The committee tasked with bringing the 2024 Summer Olympics to Hamburg has big plans for venues on the city’s Kleiner Grasbrook island quarter, on the Elbe River. But first citizens must vote on hosting the Games later this month.
Alfons Hörmann was vice president of the organizing committee that brought the Nordic Ski world championships to Oberstdorf in 2005. Since 2013, he has headed the German Olympic Sport Association, which is in charge of applying for the 2024 games. The 55-year-old spoke with Handelsblatt about Hamburg’s Olympics bid.
Handelsblatt: We are still feeling the effect of the Paris attacks last weekend. The terrorists wanted, among other things, to hit a soccer match between France and Germany. Does security for sporting events now need to be reconsidered?
Mr. Hörmann: It was an attack against free society. Security was, is and remains one of the most important issues at sporting events, which must be implemented in close coordination with the responsible authorities.
“Sports are indispensable for the integration of people.”
What do the latest attacks mean for Hamburg’s application for the Olympic Games?
Sports can create hope, especially now when horror and doubt are dominant. Sports can bridge cultural and geographic divisions. Precisely in times like these, the value of the Olympic idea — which for centuries has brought people from around the world together in peaceful and fair competitions — is recognizable again.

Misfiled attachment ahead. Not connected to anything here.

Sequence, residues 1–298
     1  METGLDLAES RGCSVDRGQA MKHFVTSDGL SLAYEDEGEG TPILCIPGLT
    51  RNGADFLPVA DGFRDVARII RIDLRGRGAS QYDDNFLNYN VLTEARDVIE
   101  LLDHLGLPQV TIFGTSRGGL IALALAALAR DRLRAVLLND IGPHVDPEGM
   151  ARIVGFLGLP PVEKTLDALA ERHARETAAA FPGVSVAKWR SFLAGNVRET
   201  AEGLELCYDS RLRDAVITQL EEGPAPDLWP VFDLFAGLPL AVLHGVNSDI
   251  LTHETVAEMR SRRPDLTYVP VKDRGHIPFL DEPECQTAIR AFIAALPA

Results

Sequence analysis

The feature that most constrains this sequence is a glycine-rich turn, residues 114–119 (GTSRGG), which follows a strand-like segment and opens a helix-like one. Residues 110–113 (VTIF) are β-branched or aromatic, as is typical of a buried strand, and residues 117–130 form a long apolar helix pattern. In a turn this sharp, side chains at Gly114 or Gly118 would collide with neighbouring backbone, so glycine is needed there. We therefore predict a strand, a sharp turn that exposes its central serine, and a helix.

Even before the attacks, Olympic excitement had not yet broken out in Hamburg. The city’s FC St. Pauli soccer club even spoke out against the games at its annual general meeting.
There we have different perceptions. All relevant recent polls show about two-thirds of Hamburg residents supporting the Olympics bid. But it will be decided in a referendum on November 29.
The German Football Association, the DFB, is now mired in a tax investigation involving a possible slush fund to bring the 2006World Cup to Germany. Does this affair have any influence?
It has nothing to do with our application. The legal transparency regulations in Hamburg are the best in all of Germany. All considerable contracts in connection with the Olympics must be filed online. Besides, the application committee had given an ethics code, developed jointly with Transparency International Germany. We want the Olympics – but naturally only through legal means.
Was it right for the DFB’s president, Wolfgang Niersbach, to resign? Will that help clear the air?
Seen humanely, it hurts (to see Mr. Niersbach leave) after 28 years of successful work for the DFB. He took political responsibility for the uncleared payments. The most important thing is to clear up the entire affair.
The DFB affair puts the spotlight on a lack of transparency in awarding big sports events. What criteria does the International Olympic Committee apply to award the games?
The criteria are stated in the charter and the Olympic agenda. Naturally, the plans for sports facilities and infrastructure are important. Also, IOC members look intensely at applicants’ athletic and logistics concepts. And then there is the subjective criteria. One member might favor Hamburg as a site, while another other might prefer another country or city.